Not Quite French
OPHIRA EISENBERG, HOST:
WILL HINES: Bientot.
EISENBERG: It's pretty good French, right?
HINES: Not really. So it is? I don't know.
EISENBERG: Oh right, OK. I'll go back to English and we'll describe why I just did that. But that was amazing, you'll see. Hi Rachel.
RACHEL FALK: Hello.
EISENBERG: Welcome Rachel Falk. Hey, you're a volunteer guide at the Natural History Museum?
FALK: Yes, I am.
EISENBERG: That's so exciting.
FALK: Yes, it is cool.
EISENBERG: What room are you in?
FALK: I cover the highlights of the museum, so I -
EISENBERG: Best of.
JOHN CHANESKI: So the dinosaurs?
FALK: Best of 'em.
CHANESKI: The dinosaur.
EISENBERG: OK. Lindsay Haddix, everybody.
LINDSAY HADDIX: Oh yeah.
EISENBERG: You work for the Department of Housing Preservation?
HADDIX: That's correct.
EISENBERG: That's affordable housing?
HADDIX: Yeah, that's right.
EISENBERG: You're my hero. Thank you.
HADDIX: I'm trying. I'm trying.
EISENBERG: Yeah, well done.
EISENBERG: This is a game called Not Quite French, kind of like what I was speaking at the top of the show. I know a little bit of French, 'cause of course I grew up in Canada, which is not a lot as you can tell, but just enough to teach.
EISENBERG: So John, why don't you tell us about this fabulous game?
CHANESKI: Well in this game we're looking for English words that could be mistaken for French words because they begin with either the letters L-E or L-A. The trick is, when you remove the first two letters of the word, it leaves another English word with a totally different meaning. OK? For example, here's a clue. It's not a French man who's about to get married, it's the space you want a lot of when you're in a plane or car. The answer is legroom.
EISENBERG: Right. Legroom looks like le groom.
FALK: Oh dear.
FALK: This is going to be ugly, but can throw it together.
EISENBERG: This is going to be le tough.
HADDIX: I need a piece of paper and pen. This is - oh good grief.
EISENBERG: It's going to be le crazy.
CHANESKI: Remember these are English words that begin with L-E or L-A, when you drop the first two letters they form a different word. Here we go. It's not a French thug or bully, it's a small body of water like the kind on Gilligan's Island.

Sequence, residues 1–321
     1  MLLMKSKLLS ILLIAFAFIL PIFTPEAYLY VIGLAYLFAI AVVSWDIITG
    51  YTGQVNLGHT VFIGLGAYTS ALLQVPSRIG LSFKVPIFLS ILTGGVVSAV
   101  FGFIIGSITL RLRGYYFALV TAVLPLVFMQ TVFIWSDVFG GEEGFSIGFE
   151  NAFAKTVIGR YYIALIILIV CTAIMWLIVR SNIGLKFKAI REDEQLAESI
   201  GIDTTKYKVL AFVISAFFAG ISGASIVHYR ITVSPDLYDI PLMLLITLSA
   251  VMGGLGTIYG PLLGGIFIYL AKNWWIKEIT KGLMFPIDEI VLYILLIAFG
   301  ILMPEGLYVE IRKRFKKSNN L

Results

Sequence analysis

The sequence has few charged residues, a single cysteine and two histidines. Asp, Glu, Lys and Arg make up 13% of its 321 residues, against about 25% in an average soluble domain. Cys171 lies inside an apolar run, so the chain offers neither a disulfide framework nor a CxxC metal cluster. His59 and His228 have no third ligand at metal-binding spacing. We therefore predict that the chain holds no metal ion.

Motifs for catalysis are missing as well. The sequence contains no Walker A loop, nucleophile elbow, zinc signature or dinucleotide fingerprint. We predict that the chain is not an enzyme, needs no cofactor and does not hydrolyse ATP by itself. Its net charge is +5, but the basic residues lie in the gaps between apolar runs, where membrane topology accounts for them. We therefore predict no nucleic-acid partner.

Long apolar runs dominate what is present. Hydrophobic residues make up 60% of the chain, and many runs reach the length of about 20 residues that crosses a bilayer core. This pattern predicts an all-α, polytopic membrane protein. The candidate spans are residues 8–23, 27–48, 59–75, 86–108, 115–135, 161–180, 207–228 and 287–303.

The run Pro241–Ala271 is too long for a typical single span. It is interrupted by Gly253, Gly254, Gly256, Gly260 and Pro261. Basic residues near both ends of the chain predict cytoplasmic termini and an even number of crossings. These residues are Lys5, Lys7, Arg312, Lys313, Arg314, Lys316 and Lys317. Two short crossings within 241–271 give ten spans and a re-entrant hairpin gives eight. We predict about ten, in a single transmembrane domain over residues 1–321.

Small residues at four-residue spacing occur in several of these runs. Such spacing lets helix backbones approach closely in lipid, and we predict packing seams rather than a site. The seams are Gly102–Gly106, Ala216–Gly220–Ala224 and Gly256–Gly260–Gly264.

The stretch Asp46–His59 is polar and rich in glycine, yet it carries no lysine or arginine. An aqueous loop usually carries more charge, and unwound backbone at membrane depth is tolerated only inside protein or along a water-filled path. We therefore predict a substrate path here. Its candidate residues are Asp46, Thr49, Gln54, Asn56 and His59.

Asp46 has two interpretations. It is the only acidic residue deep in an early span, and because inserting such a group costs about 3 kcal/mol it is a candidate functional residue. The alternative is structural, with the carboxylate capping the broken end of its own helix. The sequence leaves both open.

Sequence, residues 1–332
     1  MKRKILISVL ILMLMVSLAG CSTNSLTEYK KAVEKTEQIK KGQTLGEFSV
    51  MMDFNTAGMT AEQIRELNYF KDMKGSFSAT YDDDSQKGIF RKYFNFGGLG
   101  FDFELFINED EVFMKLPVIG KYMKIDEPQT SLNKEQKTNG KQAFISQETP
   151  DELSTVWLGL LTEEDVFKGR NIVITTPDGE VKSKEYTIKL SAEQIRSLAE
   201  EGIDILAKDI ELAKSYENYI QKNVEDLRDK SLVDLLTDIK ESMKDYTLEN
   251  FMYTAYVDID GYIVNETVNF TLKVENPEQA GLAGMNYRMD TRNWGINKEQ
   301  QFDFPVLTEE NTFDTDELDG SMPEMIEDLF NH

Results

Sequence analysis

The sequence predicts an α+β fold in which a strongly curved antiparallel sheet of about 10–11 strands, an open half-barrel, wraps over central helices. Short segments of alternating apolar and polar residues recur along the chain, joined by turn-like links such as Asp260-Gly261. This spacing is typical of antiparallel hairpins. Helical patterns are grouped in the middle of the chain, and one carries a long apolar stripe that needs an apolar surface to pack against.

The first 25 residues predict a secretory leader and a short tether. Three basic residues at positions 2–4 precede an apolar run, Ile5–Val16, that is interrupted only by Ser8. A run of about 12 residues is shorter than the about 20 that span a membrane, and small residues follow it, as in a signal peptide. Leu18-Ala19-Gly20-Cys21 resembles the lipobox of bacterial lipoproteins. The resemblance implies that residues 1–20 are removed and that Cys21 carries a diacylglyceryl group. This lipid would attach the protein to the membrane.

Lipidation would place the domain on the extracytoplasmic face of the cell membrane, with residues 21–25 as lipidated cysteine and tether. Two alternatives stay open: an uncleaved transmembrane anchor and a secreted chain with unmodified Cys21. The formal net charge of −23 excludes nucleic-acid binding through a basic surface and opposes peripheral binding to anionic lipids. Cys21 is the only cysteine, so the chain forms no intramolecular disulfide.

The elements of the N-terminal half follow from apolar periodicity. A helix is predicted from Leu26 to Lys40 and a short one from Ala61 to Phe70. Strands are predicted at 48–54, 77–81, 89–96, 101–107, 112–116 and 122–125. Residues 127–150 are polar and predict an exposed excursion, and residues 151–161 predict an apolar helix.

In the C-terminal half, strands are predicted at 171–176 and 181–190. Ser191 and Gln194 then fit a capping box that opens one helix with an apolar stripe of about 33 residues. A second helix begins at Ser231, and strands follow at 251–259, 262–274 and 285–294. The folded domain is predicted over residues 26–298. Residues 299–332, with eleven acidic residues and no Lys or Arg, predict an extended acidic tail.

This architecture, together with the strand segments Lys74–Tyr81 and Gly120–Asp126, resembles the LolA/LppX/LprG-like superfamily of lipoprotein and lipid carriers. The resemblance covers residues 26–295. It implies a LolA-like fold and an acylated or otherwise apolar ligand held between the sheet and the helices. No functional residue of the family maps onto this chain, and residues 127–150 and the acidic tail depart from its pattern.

CHANESKI: Lagoon is right.
FALK: I got one point.
CHANESKI: Off to a good start.
FALK: One point. All right. At least I have one point, yay.
CHANESKI: It's not found in a French urn, it's what you'd use to walk your dog.
CHANESKI: Leash or le ash. Oui oui.
HINES: Le ash.
CHANESKI: It's not a square in a French game of Monopoly, it's a popular children's building toy.
CHANESKI: Lego or le go, right.
EISENBERG: So you guys are catching on. I saw that now it's all confidence in the eye, started off you're like, oh no and now le great.
CHANESKI: It's not a French metal, it's a language you should know if you're going to be the Pope.
CHANESKI: Latin or la tin, yes.
CHANESKI: It's not where French men watch television, it's when you're carrying something heavy or burdensome.
EISENBERG: Mmm, we are weighed down by this.
CHANESKI: Perhaps French teenagers play Xbox there.
EISENBERG: And French foxes hang out there.
HADDIX: La den.
CHANESKI: La den or laden, yes.
It's not what the French call the lead singer of The Police, it's how you'd describe something that has existed for a long time. Lindsay.
HADDIX: La Sting or lasting.
CHANESKI: Lasting or la string, thank you.
CHANESKI: It's not a French term for the back of the neck, it's a Native American tribe.
CHANESKI: Lenape or le nape, very good, Rachel.
CHANESKI: That's our game and Rachel takes it.
EISENBERG: Rachel, congratulations.
EISENBERG: Lindsay, excellent job, that was phenomenal. We'll see you Rachel for our final round. Another hand for those two great contestants.
(APPLAUSE) Transcript provided by NPR, Copyright National Public Radio.